Easy, eco-friendly home improvements.
There’s a lot you can do to make your home more eco-friendly without necessarily spending more money upfront on bigger renovation projects.
Follow these tips to turn your living space into a more efficient, less costly and positively pro-earth abode with our room-by-room green home guide.
Add more efficient lighting: Switching to energy-efficient lighting represents a great opportunity to reduce your carbon footprint and save money on your electricity bill, according to the David Suzuki Foundation. Compact fluorescent bulbs (CFLs) are the most prevalent energy-efficient bulbs currently available, consuming an average of 75 per cent less electricity than conventional incandescent lights. Light-emitting diodes (LEDs) are even more energy efficient than many traditional light bulbs. While they are more expensive, they do last much longer, which means you will have to replace them far less frequently. Until they start to come down in price, you might want to consider using LEDs in the rooms you use most, such as the kitchen.
Use more sunlight and less electricity:Whenever possible, use natural light from windows and skylights to avoid using electricity. You can also use smaller desk lamps or reading lamps for specific tasks instead of having to light up an entire room.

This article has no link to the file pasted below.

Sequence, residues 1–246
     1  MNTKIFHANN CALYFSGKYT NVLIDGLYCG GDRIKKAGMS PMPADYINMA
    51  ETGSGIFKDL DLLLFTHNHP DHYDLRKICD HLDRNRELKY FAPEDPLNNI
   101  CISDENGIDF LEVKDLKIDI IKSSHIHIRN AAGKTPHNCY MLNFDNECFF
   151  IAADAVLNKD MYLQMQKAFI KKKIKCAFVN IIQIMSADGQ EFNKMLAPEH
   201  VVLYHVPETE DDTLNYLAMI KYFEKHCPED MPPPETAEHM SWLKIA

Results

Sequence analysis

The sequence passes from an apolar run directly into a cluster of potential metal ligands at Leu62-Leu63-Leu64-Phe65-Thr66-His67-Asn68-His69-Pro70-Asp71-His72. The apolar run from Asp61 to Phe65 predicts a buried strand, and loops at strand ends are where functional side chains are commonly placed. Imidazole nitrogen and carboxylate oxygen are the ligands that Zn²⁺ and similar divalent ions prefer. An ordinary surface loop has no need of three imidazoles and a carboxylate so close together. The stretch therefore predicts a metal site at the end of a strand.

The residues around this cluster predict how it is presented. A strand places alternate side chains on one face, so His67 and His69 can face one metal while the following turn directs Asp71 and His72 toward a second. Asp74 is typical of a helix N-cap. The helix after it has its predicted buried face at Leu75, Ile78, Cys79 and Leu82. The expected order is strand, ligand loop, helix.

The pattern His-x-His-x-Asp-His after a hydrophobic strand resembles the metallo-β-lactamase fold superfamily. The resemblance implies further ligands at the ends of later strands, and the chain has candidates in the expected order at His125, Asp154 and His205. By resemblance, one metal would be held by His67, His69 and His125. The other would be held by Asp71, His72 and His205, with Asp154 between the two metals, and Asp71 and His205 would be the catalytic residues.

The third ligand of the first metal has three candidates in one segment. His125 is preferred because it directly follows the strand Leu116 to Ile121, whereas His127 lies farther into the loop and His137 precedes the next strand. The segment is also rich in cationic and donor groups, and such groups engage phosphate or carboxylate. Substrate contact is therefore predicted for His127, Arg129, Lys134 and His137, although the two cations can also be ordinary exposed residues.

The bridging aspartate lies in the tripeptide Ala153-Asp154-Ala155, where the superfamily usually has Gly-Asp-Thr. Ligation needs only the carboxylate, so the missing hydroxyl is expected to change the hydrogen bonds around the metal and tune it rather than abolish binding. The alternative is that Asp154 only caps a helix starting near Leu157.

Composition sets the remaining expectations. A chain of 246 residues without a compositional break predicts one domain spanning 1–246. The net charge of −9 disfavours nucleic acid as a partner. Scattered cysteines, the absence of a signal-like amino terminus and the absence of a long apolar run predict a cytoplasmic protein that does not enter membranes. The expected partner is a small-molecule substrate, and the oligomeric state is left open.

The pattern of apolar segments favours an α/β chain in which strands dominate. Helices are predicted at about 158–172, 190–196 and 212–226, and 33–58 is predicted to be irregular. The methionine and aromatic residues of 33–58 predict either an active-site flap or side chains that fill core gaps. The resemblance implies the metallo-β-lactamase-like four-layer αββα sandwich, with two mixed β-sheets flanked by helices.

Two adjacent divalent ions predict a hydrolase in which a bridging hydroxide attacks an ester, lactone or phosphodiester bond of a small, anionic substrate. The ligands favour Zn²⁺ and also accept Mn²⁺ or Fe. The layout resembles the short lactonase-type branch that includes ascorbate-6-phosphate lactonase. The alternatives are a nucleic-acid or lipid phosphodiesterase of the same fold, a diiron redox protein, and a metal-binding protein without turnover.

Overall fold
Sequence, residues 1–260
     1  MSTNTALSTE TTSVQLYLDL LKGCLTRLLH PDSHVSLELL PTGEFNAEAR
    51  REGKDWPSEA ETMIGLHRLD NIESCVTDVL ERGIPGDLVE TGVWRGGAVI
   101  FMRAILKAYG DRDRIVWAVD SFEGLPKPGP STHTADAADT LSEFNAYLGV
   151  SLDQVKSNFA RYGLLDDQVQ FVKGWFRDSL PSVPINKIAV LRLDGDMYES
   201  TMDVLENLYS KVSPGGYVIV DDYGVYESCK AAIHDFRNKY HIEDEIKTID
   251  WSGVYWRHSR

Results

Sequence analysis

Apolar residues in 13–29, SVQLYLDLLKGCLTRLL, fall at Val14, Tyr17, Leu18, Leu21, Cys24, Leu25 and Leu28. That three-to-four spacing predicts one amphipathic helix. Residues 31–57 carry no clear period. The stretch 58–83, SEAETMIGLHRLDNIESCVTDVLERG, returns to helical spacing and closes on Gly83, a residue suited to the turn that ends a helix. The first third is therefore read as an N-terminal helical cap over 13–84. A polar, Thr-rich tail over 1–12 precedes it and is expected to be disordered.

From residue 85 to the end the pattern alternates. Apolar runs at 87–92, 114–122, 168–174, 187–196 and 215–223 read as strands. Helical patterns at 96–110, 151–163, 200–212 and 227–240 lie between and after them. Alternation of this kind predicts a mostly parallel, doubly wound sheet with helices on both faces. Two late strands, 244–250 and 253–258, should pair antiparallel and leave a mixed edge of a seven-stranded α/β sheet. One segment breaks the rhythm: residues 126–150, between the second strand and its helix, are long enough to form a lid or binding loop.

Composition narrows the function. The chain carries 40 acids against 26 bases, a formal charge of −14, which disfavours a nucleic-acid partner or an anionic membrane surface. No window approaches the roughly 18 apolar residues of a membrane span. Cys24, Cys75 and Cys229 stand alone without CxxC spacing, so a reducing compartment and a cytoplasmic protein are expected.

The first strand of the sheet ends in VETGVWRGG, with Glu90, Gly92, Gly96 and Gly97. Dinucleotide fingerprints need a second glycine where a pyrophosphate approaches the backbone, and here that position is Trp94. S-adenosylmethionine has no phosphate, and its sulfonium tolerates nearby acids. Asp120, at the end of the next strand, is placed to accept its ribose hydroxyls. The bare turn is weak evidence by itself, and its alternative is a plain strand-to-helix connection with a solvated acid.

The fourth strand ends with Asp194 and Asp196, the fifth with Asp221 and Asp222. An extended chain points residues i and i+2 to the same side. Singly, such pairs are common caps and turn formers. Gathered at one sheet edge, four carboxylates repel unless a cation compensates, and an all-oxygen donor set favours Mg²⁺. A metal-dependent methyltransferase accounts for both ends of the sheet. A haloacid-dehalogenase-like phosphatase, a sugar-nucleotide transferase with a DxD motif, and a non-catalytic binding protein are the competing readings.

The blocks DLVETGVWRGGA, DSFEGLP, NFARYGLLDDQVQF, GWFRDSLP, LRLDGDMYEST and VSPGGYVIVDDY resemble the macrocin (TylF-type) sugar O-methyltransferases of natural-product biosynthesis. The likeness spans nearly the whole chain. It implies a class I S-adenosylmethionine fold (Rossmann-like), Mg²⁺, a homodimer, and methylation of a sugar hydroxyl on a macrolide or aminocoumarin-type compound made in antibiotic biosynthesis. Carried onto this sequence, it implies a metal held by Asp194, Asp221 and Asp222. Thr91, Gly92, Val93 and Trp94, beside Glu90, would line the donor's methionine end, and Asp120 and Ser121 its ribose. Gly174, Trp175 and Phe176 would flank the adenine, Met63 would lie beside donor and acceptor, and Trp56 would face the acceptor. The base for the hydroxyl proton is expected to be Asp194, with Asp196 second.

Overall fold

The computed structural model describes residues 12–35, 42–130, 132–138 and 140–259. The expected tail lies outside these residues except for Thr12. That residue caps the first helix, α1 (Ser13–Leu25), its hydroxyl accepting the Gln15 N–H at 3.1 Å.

Turn off and unplug: The Ontario Ministry of Energy notes that many electronic items, such as computers, TVs and cell phone chargers, continue to consume small amounts of electricity unless they are unplugged. Try plugging these items into a power bar with a switch so you can easily turn them off when they are not in use.
Try a cooler room temperature: Enbridge suggests setting your thermostat 3°C (5°F) lower while you’re asleep or away from home, which could save you up to six per cent on your heating bill during colder months. On the flip side, when it’s hot outside, set your thermostat as high as is comfortable. Ceiling fans are another great way to stay cool, save energy and cut costs. Just remember to turn the fan off when you’re not in the room.
Improve your hot water heater’s output: Enbridge also recommends keeping your hot water heater’s temperature at 54°C (130°F) to save energy and avoid scalds. Also, insulate at least the first two metres (six feet) of the hot water pipe and one metre (three feet) of the cold water pipe leading from your hot water tank.
Amp up your insulation: Canada Mortgage and Housing Corporation states that one of the best ways to cut down on the amount of energy used around the house while also reducing your environmental footprint and lowering your monthly utility bills is to ensure your attic is well insulated. Insulating and air sealing an attic can help keep the heat inside the home where it belongs, and also help prevent icicles from forming at the roof edge. Visit the CMHC website for more tips on how to super-insulate your attic.